Several years ago our family moved to Madison, Wisconsin. We were from the Chicago area originally and had moved to Texas for awhile, so returning to the upper midwest was a welcome return. Madison is one of those small cities that escape trend seekers. It’s a town of real people who are tolerant of diversity, at least when we lived there. Home to the University of Wisconsin and the state capitol, it has an vibrant energy–like Austin, Texas and Columbus, Ohio–born of intellectual and political discourse and a penchant for innovation. It has beautiful lakes and woods and countryside within minutes of any location in the area. It’s an idyll.
We have one friend who still lives there–a native New Yorker. His wife says he’ll never leave because he thinks he’s found heaven on earth. And in many ways, he’s right.
I was writing speculative screenplays at the time and I wanted to do a story set in Madison. Prior to the legalized gambling legislation in the late 1980s and early 1990s, the native American subculture was pretty low key. There would be occasional fishing and land use rights issues that would crop up but nothing so controversial as casinos. I thought there was something there that could be the basis for some intrigue–a casino property where people didn’t want one, driven by a out-of-state, sleazy developer.
But the real genesis of the story was I wanted to write about a man who was in the middle of something that he just didn’t understand–his confusion driven by his relationships with women–all the women in his life. Because I feel like that is the case for so many men. As I said in the preface of Feet First, I love women. I find them so much more multifaceted, strong, intuitive, aware and capable than men and I thought it would be funny to portray a highly successful, totally-in-control-of-his-world man suddenly in a tumbler being tossed about by all the women he knows.
So then I wondered, what would this successful man do for a living? What occupation would be different and slightly askew? What would have a sensual, alluring nature? And that’s when the foot connection occurred.
I had seen a podiatrist in Texas when I lived there and he fitted me for orthotics, which pretty much eliminated the lower back pain I’d been suffering for a dozen years. He was an excellent doctor and very generous with answers to my questions about his specialty and his interest in it. (In fact, I named a minor character in Feet First after him.) I drew on my experience with him and did much more research on the profession and foot disorders and treatments.
I also ventured into the sensual arena, reading books like The Sex Life of the Foot and Shoe by William A. Rossi. I was particularly taken with a photograph of actress Jayne Mansfield taken in the 1960s with some of her collection of 200 pairs of shoes displayed on the carpet of her living room before her. Of course, this led me into reflexology, which I studied a bit and even interrogated my massage therapist about since she practices it.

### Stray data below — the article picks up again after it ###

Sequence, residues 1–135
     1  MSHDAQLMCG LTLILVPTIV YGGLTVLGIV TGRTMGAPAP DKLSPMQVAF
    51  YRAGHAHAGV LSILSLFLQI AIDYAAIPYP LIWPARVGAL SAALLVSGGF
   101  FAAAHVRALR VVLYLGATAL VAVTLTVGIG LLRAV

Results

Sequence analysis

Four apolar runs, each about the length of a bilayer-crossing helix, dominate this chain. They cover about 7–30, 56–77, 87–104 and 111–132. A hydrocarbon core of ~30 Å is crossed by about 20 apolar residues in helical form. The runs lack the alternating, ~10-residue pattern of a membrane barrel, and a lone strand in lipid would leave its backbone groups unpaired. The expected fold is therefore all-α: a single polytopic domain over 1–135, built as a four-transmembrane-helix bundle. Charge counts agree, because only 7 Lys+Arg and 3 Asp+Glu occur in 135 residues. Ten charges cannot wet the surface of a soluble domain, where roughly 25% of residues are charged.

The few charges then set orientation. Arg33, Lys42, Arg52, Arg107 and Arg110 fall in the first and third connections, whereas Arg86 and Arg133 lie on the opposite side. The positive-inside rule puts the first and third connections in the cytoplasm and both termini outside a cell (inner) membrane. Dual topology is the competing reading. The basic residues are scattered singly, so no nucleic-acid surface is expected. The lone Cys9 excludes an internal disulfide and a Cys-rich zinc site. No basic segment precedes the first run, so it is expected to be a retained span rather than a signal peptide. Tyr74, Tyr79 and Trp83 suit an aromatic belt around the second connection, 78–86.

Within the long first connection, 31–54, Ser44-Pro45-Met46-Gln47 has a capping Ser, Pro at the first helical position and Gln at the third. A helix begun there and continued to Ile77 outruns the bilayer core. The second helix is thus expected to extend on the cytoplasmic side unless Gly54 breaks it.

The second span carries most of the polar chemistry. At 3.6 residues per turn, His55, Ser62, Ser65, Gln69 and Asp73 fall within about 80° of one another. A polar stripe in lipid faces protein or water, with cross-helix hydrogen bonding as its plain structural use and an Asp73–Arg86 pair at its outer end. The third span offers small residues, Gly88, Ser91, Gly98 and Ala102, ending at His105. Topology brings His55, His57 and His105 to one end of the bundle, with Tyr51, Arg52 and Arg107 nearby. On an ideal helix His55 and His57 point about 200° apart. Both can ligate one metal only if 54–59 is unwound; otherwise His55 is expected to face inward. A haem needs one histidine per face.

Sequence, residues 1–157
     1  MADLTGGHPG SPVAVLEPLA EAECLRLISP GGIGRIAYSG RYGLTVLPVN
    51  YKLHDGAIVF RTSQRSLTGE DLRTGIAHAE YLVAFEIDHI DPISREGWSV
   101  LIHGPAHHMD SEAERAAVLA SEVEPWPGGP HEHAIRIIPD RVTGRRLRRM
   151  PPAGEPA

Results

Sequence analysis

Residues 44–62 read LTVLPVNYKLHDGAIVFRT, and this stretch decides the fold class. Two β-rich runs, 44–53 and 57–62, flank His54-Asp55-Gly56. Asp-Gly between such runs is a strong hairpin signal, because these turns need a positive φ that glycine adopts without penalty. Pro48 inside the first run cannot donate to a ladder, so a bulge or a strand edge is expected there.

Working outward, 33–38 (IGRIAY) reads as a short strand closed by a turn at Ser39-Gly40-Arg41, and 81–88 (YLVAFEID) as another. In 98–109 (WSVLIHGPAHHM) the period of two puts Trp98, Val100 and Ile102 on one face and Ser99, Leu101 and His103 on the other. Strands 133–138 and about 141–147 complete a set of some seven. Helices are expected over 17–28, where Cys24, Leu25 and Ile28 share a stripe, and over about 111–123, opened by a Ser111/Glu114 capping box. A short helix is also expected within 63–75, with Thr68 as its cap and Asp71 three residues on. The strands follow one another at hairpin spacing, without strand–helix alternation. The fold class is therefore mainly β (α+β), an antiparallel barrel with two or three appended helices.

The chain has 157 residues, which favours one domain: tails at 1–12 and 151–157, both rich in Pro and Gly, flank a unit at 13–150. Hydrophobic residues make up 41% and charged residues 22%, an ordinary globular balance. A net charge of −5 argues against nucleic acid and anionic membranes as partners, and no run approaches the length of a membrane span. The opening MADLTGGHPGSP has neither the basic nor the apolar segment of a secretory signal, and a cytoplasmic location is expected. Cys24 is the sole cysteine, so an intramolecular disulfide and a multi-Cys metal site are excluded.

I quickly wrote a treatment for the screenplay (under a different title, by the way) after fleshing out the scenes on note cards, which I wrote after recording audio thoughts as I walked my baby daughter in her stroller through the oak savannah and rolling farms near our home outside Madison. I had to imagine what a high school age daughter would be like since my own daughter was years away even from kindergarten then. And I took the inspiration for her athletic characteristics from newspaper accounts of a couple top high school sportswomen in the Madison area, one of whom excelled at cross-country track, golf and curling, uniquely cold weather sport.
Then for some reason I can’t remember, I started writing it as a novel. I managed 22 chapters before I set it aside and eventually forgot about it. Until a few months ago. We were moving again and I was going through “the purge” when I came across those 22 chapters, read them and said to myself, I’m going to finish this. So, I got up early every morning and wrote for 60 to 90 minutes before the days began and eventually, produced the finished story you have hopefully read and enjoyed by now. It’s been a long, roundabout journey to get to this point but isn’t everything in this life?
Now, I just smile, imagining Valerie Vaughn getting her MBA from Stanford and starting the next Facebook. Thank you for reading Feet First. That makes me happy.